Case Study: To support Sanity Skin as they navigated the fluid timelines of production, our team closely collaborated with their suppliers, ensuring everything went smoothly and was perfectly designed to specs.

Phase 3: Design

The third step in the packaging process is design. Here are some key considerations to keep in mind when designing packaging for a brand:

Match Your Branding

Your team worked hard to create brand guidelines for good reason—use them!! Brand guidelines ensure consistency in your brand story, from social media content to product packaging.

Use your brand’s typography, logo, icons, and colors as the starting point for the graphic design work, and maintain a consistent voice in the copy. This helps foster brand recognition between products and builds trust with your audience.

It’s important to note that this doesn’t mean every product should look exactly the same. You’ll want to clearly differentiate flavors, scents, etc., to avoid confusion and product misuse! You can still create distinct looks for different products while aesthetically aligning with your brand imagery.

Case Study: To clearly differentiate Sanity Skin’s Nighttime Body Cream from its Daytime Body Lotion, we used two of its brand colors. We made the Nighttime Body Cream bottle the brand’s darker grey color and the Daytime Body Lotion its lighter cream color.

Concisely Convey Your Message

Packaging is a significant opportunity to build trust and share your message with your audience. However, it typically only has a little space for in-depth copy, and even if you do have more room, you don’t want to make your customers do a word search to find the information they’re looking for.

Instead, speak to your product’s key factors—what it is, how to use it, and why it’s different—as simply as possible so that a customer can get the main points even while scanning the shelves.

Case Study: Our design team created two sets of icons for Sanity Skin to communicate a lot of information with customers quickly. The first set shows which step in the skincare routine the product fits into – Step 1, Step 2, or Step 3. 

The second set of icons shares what differentiates the products from other brands: clean, all natural, cruelty-free, gluten-free, gentle, eco-friendly, and vegan. By creating these modern, simple designs that matched the company’s branding, we could put a lot of information on the packaging in a minimalist, eye-catching way.

Make it Easy to Digest

Too many fonts, design elements, and words can distract and overwhelm the eye. Make sure your design is balanced and organized.

Consider Design Trends

This is all about finding the sweet spot for your brand. While you don’t want your packaging to be so heavily influenced by micro trends that it quickly looks dated, you also want to stand out among all the products customers have to choose from, both in-store and online.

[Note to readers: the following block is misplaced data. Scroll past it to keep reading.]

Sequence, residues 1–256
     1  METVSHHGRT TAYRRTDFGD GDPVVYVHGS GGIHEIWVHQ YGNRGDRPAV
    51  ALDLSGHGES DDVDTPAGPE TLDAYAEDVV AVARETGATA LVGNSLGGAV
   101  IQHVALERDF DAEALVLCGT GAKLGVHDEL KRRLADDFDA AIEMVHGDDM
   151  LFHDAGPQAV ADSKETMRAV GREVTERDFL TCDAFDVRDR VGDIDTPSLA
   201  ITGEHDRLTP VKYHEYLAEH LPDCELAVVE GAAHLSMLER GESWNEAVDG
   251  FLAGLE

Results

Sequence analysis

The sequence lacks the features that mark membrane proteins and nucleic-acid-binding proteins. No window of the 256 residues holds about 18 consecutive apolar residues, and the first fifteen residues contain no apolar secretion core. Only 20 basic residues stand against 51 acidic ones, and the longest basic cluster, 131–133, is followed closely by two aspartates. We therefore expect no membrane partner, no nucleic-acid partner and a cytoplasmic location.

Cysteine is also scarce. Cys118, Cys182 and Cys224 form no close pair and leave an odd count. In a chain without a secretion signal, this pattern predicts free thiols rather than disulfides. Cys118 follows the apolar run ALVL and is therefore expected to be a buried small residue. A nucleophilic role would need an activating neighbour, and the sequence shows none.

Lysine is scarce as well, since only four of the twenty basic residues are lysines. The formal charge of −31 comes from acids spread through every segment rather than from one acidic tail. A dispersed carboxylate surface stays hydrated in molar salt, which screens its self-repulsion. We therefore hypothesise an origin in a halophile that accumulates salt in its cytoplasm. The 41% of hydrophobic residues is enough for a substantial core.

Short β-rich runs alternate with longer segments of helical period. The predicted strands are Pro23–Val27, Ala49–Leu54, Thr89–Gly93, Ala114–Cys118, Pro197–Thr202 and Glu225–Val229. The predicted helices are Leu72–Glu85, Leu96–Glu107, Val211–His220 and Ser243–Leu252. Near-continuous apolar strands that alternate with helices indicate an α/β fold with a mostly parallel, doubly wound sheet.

Consider the Customer Journey

Take note of where your customers will be in their journey with your brand when they receive the product, and think about the next steps you’d like them to take. If you’re interested in building engagement on social media, include your Facebook, Instagram, TikTok, or X (Twitter) handles and a branded hashtag.

If you want to increase reviews, you should put details about where they can share their feedback online. If you’d like them to make another purchase, add a card with a discount code.

Use Mockups

Before you send a design to print, make sure to put together mockups to understand what different design ideas will look like live. You can also create a mockup of a store shelf to see what your packaging will look like alongside other brands.

The mockup stage is a great time to get feedback from the rest of your team, especially those who aren’t a part of the process, to see what their initial thoughts and perceptions of the product and brand are based on the design.

Case Study: Our team created multiple mockups to help the Sanity Skin team visualize different design concepts.

The Finished Product: Modern, Minimalist Packaging for Sanity Skin’s Body Skincare Collection

After doing a complete rebrand for Sanity Skin, including brand identity and imagery, our design team at M Agency got to work creating box and product packaging for their full line of luxury skincare products. We took a minimalist approach to showcase the high-performing products and clean ingredients.

To clearly and quickly share key details about the products and how they work, we created two sets of icons that seamlessly blended with the rest of the brand’s imagery. We also utilized the brand’s color palette to differentiate between similar-looking products: the Nighttime Body Cream and the Daytime Body Lotion.

The finished product was precisely what the client wanted: packaging designs so beautiful, you’ll want to leave the products on the bathroom counter.

Read the full Sanity Skin Case Study